# Flight Physics

Flight is a magnificent natural ability of birds and what seems like a tremendous accomplishment for man-made aircraft's that average at a weight of over 300 tons. So I thought I would explore more into this amazing ability and the physics behind it. Here is what I learned.

In order to fly, a bird or a plane must overcome both the force of gravity and drag forces as it is moving through the air. The force that opposes weight is known as lift and the force that opposes drag is called thrust. Lift is generated from the shape of the wings that cause air to move faster over the top of the wings and slower underneath. This means that there is lower air pressure above the wings and higher air pressure underneath them. The force from the pressure difference which is called the life force, exceeds the weight of the bird and the bird is able to fly. Here is an image demonstrating what is called the Bernoulli effect.

When you look into an amount of lift that a pair of wings can produce, you have to take in to consideration factors such as wing size, air speed, air density, and the angle of the wings with respect to the direction of the flight. A wings lift is directly proportional to the surface area of the wing, so a wing twice as large can carry twice as much weight. To simplify the relationship between lift and airspeed and air density, it can be said that if a bird flies twice as fast, it can generate four times as much lift. And if a plane flies where the air density is a quarter of the density of the air at sea level, then it must fly twice as fast to maintain the same amount of lift. Lastly, lift increases as angle of attack increases, but only up to a certain critical angle. The angle of attack is the angle between the wing and the direction of the oncoming wind. Past that critical angle, stall occurs as the air stops flowing smoothly over the top surface and instead peels away, leaving a turbulent wake.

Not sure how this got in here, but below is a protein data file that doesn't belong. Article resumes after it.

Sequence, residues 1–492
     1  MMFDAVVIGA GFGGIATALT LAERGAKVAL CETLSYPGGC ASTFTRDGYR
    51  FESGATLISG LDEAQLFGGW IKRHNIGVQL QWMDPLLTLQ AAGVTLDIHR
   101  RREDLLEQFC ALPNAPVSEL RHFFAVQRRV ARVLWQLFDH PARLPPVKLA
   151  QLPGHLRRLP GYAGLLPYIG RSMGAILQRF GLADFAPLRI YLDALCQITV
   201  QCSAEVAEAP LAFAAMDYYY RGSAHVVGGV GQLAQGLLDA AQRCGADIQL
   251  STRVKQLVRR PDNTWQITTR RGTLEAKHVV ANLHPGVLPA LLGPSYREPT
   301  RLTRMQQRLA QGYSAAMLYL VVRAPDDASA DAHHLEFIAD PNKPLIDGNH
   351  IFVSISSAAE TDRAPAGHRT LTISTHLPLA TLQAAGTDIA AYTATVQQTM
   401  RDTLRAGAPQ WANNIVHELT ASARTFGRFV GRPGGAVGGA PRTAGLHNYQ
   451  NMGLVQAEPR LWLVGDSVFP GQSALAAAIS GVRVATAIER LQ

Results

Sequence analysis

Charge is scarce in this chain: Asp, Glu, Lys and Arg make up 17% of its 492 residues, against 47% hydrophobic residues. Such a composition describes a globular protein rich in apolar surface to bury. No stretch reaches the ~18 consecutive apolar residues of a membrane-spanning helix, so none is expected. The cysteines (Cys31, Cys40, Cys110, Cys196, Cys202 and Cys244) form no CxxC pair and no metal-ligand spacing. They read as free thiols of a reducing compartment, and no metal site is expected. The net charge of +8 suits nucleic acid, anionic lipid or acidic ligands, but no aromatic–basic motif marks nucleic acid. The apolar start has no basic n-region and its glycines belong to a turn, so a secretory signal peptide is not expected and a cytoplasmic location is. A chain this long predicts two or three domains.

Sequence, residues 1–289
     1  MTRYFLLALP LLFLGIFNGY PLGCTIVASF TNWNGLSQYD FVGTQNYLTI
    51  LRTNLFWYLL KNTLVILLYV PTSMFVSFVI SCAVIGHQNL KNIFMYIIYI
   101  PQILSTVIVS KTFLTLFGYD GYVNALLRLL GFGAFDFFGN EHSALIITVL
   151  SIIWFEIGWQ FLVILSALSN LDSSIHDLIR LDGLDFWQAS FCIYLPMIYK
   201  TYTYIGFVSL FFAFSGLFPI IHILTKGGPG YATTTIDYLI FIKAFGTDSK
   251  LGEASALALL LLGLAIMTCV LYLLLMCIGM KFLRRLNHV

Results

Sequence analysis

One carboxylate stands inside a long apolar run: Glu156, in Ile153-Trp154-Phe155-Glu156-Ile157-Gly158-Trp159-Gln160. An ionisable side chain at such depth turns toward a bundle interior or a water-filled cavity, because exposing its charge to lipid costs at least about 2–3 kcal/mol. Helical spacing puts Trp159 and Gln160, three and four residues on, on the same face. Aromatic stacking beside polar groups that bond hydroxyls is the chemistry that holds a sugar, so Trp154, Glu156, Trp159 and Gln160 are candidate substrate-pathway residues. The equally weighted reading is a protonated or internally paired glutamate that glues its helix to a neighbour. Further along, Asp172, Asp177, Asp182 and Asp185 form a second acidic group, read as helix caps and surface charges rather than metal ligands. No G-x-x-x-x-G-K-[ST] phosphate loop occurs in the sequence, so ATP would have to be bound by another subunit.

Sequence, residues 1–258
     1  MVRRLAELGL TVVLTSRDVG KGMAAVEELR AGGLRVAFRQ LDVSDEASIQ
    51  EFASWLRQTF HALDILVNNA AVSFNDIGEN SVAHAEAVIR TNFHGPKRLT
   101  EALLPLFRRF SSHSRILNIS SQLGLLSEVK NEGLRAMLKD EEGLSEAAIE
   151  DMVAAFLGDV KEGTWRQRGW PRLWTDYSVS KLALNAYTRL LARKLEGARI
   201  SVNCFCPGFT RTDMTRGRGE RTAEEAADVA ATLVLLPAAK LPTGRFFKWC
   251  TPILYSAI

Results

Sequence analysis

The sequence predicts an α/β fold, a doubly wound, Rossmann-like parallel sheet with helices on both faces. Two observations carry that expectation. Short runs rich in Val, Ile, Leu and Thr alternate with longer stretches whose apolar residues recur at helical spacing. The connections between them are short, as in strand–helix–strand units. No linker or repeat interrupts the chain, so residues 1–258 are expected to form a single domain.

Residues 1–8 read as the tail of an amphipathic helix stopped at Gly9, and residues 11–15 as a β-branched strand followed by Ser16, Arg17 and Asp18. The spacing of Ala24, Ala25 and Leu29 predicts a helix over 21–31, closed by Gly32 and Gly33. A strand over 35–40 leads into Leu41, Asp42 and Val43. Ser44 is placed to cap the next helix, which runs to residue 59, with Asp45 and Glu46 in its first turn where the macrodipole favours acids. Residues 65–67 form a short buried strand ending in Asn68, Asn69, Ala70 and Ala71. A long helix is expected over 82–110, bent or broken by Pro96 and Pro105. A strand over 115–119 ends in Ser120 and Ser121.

Prettu interesting!! To read more on this topic and where I found most of my information, check out this presentation:

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